And then as you move to your question on Public Markets, as you move to the hedge fund side of the house, Prisma’s got a lot of momentum and great investment performance, and so our focus is integrating the team and that’s gone very, very well. And as I mentioned, we’re continuing to win client mandates, frankly, ahead of our original expectations.

So we see a lot of room for growth, because keep in mind, private equity is about $1 trillion market. If you aggregate everything we’re doing in credit and hedge funds, it’s about a $4 trillion market. So we have a significant amount of room to run here.

Howard Chen – Credit Suisse

Great, thanks for that, Scott. And then, just finally from me, you’ve been helpful on the past to just highlight the continued high single digit revenue and EBITDA growth that you’re seeing in the portfolio. From all the data that you and the team compile, how are you seeing those growth rates progress in a lower GDP environment? And can you just give us a flavor for what the team is doing to think about and drive like the next leg of value creation and EBITDA growth? Thanks.

Scott Nuttall

Well, just to give you a quick update, we do track it every quarter. So our private equity funds, on a global basis, the businesses that we own, revenue growth of about 7% last 12 months and EBITDA growth of about 9%. And that’s how we look at, which is weighted by where we have dollars of that exposure on the equity side.

I would say in terms of color, U.S. operating environment is not great. We’re kind of bouncing on the bottom. Some weeks it feels a little better than that, some weeks it feels a little worse. But the overall economic backdrop is uncertain, to say the least. And so we’re encouraging our management teams to focus on what they can control and invest for the future. In some cases, we’re making add-on acquisitions and we’re investing to take market share from our competition, with a keen focus on managing expenses and keeping efficiencies up. But overall, to the economic backdrop, more the same; just kind of blah.

Europe, frankly, looks a little tougher lately. We’ve had good outcomes. We – actually, the European portfolio EBITDA has held up really well. The growth in the value of our European portfolio this year is marked up 38% year to date for our European private equity portfolio. So the companies have held in there well, but if you really look at what’s going on, we have exposure in Northern Europe, which has been reasonably well insulated. We have very little exposure to Southern Europe, and so that’s served us well. But having said all of that, harder to get revenue growth, more headwinds the last few months than the prior six. It’s just a more difficult operating environment generally.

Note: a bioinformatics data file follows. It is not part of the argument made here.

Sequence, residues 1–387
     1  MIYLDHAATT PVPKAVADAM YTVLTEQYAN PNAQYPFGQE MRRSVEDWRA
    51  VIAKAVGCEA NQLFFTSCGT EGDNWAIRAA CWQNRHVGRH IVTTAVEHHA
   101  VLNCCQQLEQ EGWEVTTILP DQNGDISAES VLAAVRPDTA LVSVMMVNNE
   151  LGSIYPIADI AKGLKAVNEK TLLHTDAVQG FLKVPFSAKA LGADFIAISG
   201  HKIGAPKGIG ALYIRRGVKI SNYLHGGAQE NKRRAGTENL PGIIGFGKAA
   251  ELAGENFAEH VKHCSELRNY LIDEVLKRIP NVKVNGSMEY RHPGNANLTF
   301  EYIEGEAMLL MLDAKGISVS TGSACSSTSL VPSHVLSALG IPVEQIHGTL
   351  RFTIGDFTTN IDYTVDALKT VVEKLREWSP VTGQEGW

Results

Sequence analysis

Asia is a bit of mixed bag, frankly; some headwinds in China as we’ve seen that economy slow a bit. Overarching comment though, if China’s GDP growth is 7% versus 9%, 7% is still pretty good. And we’re focused on areas that are not export driven. So think of local consumer – consumption-led businesses, the kind of growing middle class. And so our businesses, we think, are well insulated, but a little bit slower, but nothing that we’re all that anxious about, and the businesses across Asia seeing significant organic EBITDA growth, kind of teens kind of numbers.

So overarching comment is it’s a bit of mixed story, but in terms of what we can focus on, which is driving the performance of our companies, 7% top line, 9% bottom line, private equity funds up 20% year to date, and we’re continuing to see real operational value creation by focusing on investing into some of the dislocations.

Howard Chen – Credit Suisse

Great. Thanks for taking all my questions, Scott.

Scott Nuttall

Thank you.

Operator

(Operator Instructions). Our next question comes from Marc Irizarry from Goldman Sachs. Please go ahead with your question.